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- February 2, 2015

For A Microcosm Of Austin’s Exponential Growth, Look No Further Than Broken Spoke

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The Broken Spoke isn’t much to look at from the outside, despite its status as a storied and treasured Austin landmark. But to newbies, it’s an oddity that sticks out like a sore thumb, and that’s not all they’re overlooking.

What’s even less apparent about Broken Spoke to new Austinites is that it represents a perfect microcosm of how Austin has reacted to its exponential growth in recent years.

Sure, the big oak tree out front is impressive. You’d have an army of environmentalists standing in your way if you even thought about taking a chainsaw to it. The parking lot is gravel worn down to mostly dirt, and the building is squatty… Which is just what you would expect from a legendary Texas dance hall claiming to serve the absolute best chicken-fried steaks anywhere.

Broken_Spoke_Web-1[1]Until a few years ago, the Broken Spoke sat among a row of similarly diminutive buildings with parking lots resembling lumpy gray quilts made from square asphalt patches. Now, the iconic honky tonk is juxtaposed between two multi-story, mixed-use buildings, each with their own parking facilities. And this is not exactly redneck housing, leaving a contrast that couldn’t be more stark.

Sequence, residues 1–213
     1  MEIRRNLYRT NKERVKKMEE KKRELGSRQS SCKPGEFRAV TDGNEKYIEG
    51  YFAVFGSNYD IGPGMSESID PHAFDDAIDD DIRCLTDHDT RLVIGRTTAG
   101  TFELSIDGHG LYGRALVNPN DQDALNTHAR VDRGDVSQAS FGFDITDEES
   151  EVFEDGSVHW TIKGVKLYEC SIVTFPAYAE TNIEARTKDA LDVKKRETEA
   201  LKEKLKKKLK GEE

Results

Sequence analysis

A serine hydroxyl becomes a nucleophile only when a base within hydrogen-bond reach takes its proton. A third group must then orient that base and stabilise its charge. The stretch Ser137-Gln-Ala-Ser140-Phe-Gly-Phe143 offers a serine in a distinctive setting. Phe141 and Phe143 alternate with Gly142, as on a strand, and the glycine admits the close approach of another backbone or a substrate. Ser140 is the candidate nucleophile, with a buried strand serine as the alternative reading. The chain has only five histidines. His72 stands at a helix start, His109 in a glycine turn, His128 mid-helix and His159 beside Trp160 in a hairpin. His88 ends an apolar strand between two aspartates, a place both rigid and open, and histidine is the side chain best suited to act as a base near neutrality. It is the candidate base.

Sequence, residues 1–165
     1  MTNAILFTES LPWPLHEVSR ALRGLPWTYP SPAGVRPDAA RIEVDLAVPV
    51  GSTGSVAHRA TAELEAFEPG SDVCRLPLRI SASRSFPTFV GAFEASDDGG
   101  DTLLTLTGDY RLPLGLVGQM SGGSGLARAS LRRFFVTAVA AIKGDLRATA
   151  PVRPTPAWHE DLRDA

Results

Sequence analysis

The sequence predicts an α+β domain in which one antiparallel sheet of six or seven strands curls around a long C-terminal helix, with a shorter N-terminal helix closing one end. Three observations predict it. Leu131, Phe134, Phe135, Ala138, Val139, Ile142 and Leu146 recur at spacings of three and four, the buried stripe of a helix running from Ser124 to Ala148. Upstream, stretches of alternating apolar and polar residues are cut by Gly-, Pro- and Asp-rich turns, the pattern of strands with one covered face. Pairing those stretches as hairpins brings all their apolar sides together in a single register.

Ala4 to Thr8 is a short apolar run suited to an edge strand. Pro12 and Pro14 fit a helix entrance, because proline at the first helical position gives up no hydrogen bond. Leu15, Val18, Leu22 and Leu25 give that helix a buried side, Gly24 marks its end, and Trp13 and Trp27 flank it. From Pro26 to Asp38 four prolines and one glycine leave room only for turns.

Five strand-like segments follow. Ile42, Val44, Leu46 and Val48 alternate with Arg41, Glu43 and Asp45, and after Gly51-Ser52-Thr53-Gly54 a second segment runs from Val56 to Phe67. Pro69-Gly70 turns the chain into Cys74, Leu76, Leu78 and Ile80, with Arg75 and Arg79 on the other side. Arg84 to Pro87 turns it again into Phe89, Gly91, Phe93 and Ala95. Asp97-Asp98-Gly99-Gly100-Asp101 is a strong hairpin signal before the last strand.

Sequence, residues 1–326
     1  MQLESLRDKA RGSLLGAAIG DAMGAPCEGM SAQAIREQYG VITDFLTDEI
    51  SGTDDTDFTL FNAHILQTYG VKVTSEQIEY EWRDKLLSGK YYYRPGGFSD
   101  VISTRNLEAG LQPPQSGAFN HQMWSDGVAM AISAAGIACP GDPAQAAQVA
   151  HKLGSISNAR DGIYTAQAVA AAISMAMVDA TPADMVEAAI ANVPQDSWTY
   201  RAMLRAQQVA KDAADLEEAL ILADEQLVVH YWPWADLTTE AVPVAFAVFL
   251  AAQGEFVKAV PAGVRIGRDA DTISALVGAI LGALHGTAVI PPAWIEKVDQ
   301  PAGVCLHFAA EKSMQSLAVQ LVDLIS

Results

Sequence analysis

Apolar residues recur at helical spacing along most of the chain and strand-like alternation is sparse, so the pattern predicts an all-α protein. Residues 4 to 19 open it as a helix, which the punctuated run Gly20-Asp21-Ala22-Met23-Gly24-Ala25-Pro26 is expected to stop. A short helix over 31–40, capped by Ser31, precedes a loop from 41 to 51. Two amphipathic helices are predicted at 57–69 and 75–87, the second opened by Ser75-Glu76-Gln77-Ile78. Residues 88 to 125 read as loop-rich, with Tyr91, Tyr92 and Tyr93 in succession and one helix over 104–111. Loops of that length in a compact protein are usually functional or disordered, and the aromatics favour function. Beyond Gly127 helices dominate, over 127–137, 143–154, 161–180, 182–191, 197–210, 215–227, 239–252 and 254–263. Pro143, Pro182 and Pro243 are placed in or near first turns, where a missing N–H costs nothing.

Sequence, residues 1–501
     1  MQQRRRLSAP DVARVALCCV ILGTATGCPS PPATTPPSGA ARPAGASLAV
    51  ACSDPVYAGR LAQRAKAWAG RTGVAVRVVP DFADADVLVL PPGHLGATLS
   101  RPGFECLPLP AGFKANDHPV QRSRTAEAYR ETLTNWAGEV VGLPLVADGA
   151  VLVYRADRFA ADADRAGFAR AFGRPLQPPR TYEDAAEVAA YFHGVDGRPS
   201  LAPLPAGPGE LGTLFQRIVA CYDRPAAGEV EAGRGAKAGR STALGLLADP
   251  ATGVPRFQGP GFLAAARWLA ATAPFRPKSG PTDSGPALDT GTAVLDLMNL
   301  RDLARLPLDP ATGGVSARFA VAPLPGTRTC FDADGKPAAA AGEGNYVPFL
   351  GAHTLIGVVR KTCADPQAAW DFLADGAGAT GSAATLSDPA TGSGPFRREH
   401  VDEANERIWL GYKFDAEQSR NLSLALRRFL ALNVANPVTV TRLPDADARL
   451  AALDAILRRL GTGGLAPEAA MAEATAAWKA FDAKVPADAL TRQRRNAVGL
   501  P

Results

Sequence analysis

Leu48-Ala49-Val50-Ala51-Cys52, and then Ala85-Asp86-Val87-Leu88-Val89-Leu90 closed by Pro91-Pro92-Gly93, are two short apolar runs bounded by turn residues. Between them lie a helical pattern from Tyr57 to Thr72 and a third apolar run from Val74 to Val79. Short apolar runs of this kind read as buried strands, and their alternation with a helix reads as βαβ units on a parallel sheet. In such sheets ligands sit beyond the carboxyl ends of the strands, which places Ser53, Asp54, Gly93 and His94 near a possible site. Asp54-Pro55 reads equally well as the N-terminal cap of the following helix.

This spot on the east side of South Lamar Boulevard perfectly displays the angst-ridden way in which Austin grows. The old landmarks remain, but their immediate surroundings change. Ostensibly less important old structures are torn down to make new ones that accommodate more people. Things get a little tighter, a little more compressed, and for some, a little claustrophobic.

The Broken Spoke’s parking lot doesn’t get the same sunlight that used to beat down on it. The five stories on three sides ensure that. Patrons have a nicer place to park, but have you ever tried to fit an extended cab pick-up in a parking garage? It’s no easy task.

Still, Austin has to grow. When anti-growth crowd dug their heels in — and planted their heads in the sand — in the 1980’s and 1990’s, they set us on a course for more painful growth. People still came, and they continue to migrate here despite increasing traffic, taxes and home prices.

As more new Austinites come, honky tonkers will get used to maneuvering their trucks in parking garages, and condo dwellers will learn to like fiddles and steel guitars. That’s just how it’ll have to be in Austin for the foreseeable future.

Then again, that’s more or less how it’s always been in this town. We’re famous in part for mashing rednecks and hippies together in beautiful harmony. So, at least some things never change.

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Photos: Jenni Roberts, courtesy Jenni Roberts Photography